With acting, you have to just tell the truth in each moment.
You do have to challenge yourself. I think scared is a good thing.
I feel particularly passionate about being a part of 'Rillington Place' because I've never had a job where I've felt so much responsibility and I've had to handle something with so much delicacy, because this story and these people were real.
I don't know if it's the way I've been brought up or if it's because I spend so much time away that I appreciate being at home so much.
I love characters who can rile an audience so much - it means you've done your job well.
I always find with dramas that the more that's left to the imagination of the audience, the better.
I feel, in drama, you don't need to be fed everything. Even though sometimes when you watch, you want to know what happened and you want to see it, I feel like sometimes it's so much stronger to see the effects that those actions have had.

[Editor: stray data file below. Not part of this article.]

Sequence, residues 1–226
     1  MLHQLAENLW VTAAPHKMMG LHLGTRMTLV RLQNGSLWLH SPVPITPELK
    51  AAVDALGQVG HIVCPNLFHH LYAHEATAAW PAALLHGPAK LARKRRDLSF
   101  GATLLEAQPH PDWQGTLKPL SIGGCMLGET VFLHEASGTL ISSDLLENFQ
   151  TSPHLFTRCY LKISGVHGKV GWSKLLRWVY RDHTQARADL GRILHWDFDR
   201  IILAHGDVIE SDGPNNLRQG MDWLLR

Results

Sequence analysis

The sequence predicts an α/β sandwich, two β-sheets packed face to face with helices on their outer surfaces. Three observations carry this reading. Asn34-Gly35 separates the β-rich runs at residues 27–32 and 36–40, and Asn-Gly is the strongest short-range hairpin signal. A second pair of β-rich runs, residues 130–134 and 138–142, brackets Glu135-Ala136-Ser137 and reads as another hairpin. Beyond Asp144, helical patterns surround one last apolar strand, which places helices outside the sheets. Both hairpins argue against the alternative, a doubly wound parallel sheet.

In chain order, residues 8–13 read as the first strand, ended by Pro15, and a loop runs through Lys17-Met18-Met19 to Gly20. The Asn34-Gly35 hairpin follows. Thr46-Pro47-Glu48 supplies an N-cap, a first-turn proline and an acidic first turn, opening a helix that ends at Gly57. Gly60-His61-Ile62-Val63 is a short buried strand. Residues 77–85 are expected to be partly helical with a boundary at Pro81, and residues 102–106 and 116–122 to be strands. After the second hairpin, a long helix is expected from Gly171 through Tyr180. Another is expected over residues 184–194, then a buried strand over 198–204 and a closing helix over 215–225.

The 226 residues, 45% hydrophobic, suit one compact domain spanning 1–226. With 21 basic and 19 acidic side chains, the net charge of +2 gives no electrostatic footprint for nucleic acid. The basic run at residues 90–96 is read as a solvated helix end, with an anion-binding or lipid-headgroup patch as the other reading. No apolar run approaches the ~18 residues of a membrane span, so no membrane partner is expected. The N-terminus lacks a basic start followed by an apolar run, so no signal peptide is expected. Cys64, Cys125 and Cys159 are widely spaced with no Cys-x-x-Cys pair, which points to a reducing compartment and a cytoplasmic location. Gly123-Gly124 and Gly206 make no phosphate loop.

I find if my character is more glamorous, I become more conscious of what I look like.
I just love making people laugh.
I was a natural drama queen when I was younger. I was always doing impersonations and showing off.
There's something refreshing about going into filming and not brushing your hair, letting your toenails chip, drawing darker circles under your eyes.
I think everything happens for a reason.
I'm a big believer in fate, and it's working out well so far.
When you get scripts and you really enjoy reading them, you know it's a good project.
I came off Snapchat. I was done with it... I think I spent too much time on it.
You have to be confident enough to pick yourself up and go to 30 meetings and be told no every time and not take that to heart.
I'd love to do something where I have to completely transform. Or something that is very physical and would test me with discipline in that way. Something that I'd maybe have to train for.
I feel like when you perform in a period drama, it's so easy to transform yourself into someone else because the costumes are so different.
Liverpudlians have an amazing sense of humour, and they're very loyal and warm. All my family and friends are there, so when I'm not filming, I like to go back and catch up with everyone. We're a very close family.